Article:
ESPE Abstracts (2016) 86 P-P1-801

Prepubertal Ultra-low-dose Estrogen Therapy is Associated with Better Lipid Profile than Conventional Estrogen Replacement for Pubertal Induction in Adolescent Girls with Turner Syndrome - Preliminary results

Malgorzata Wojcika,b, Anna Ruszalab, Agata Zygmunt-Gorskab, Dominika Janusa,b, Joanna Wojtysb & Jerzy B. Starzyka,b


aDepartment of Pediatric and Adolescent Endocrinology, Chair of Pediatrics, Pediatric Institute, Jagiellonian University Medical College, Cracow, Poland; bUniversity Children’s Hospital of Cracow, Cracow, Poland


Background: Estrogen replacement is a treatment of choice for pubertal induction in adolescent girls with ovarian failure due to Turner syndrome (TS). Recently published data show, that prepubertal low dose estrogen replacement is more physiologic, and can optimize response to growth hormone treatment, pubertal timing, and improve cognition. The metabolic effects of such treatment regimen have not been fully investigated to date.

Objective and hypotheses: The study aimed to compare the impact of prepubertal low-dose estrogen therapy (LE) vs. conventional estrogen replacement (CE) on glucose and lipids metabolism in adolescents with TS.

Method: The study included 28 TS patients treated with human recombinant growth hormone. In LE group (n=14, mean age 13.8, SD 1.55) low dose of oral 17β-estradiol (62.5 μg daily) was introduced before age 12 (mean 10.5, SD 0.95) and followed by a pubertal induction regimen after age 12, in CE (n=14, mean age 16.4, SD 1.64) pubertal induction was started after age 12 (mean 14, SD 1.96). In all participants before, and 3 years after starting 17β-estradiol, total cholesterol (TC), LDL cholesterol (LDLc), HDL cholesterol (HDLc) and triglycerides (TG) were measured. Standard oral glucose tolerance test was performed with the assessment of fasting (G0) and after 120’ post-load of glucose (G120), and insulin levels (I0, I120). Insulin resistance index (HOMA-IR) was calculated.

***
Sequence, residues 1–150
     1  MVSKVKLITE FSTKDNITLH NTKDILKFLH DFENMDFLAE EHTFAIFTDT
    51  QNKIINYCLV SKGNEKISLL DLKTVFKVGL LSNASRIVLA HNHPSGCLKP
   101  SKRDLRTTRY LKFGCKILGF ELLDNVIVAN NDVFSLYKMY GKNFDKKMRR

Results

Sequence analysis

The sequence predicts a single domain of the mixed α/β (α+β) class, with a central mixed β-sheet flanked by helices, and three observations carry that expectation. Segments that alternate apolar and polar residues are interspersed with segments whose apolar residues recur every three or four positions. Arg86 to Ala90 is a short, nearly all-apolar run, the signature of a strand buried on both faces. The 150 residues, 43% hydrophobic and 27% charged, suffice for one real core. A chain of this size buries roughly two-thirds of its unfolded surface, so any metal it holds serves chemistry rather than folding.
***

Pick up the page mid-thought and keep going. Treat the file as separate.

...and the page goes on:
Results: There was no significant differences between LE and CE in any parameters before introduction of 17β-estradiol (TC 4.1 vs 4.3 LDLc 2.2 vs 2.4 HDLc 1.6 vs 1.4 TG 0.9 vs 1.0 G0 4.2 vs 4.4 G120 4.8 vs 5.5 mmol/l; I0 6.8 vs 8.0 I120 21.3 vs 67.0 μIU/ml; HOMA-IR 1.3 vs 1.6). Three years after 17β-estradiol: TC and LDLc levels were significantly lower in LE group (3.8 vs 4.4 mmol/l, P=0.004; 1.9 vs 2.4 mmol/l, P=0.03). The other parameters did not differ significantly (HDLc 1.5 vs 1.6 TG 1.2 vs 1.3 G0 4.6 vs 4.8 G120 5.2 vs 6.0 mmol/l; I0 12.3 vs 15.6 I120 62.7 vs 83.7 μIU/ml; HOMA-IR 2.5 vs 3.6).

Conclusion: Prepubertal LE is associated with better lipid profile than CE in girls with TS. LE should be considered for girls with TS not only due to positive effects on growth and puberty course, but also because its positive metabolic effects.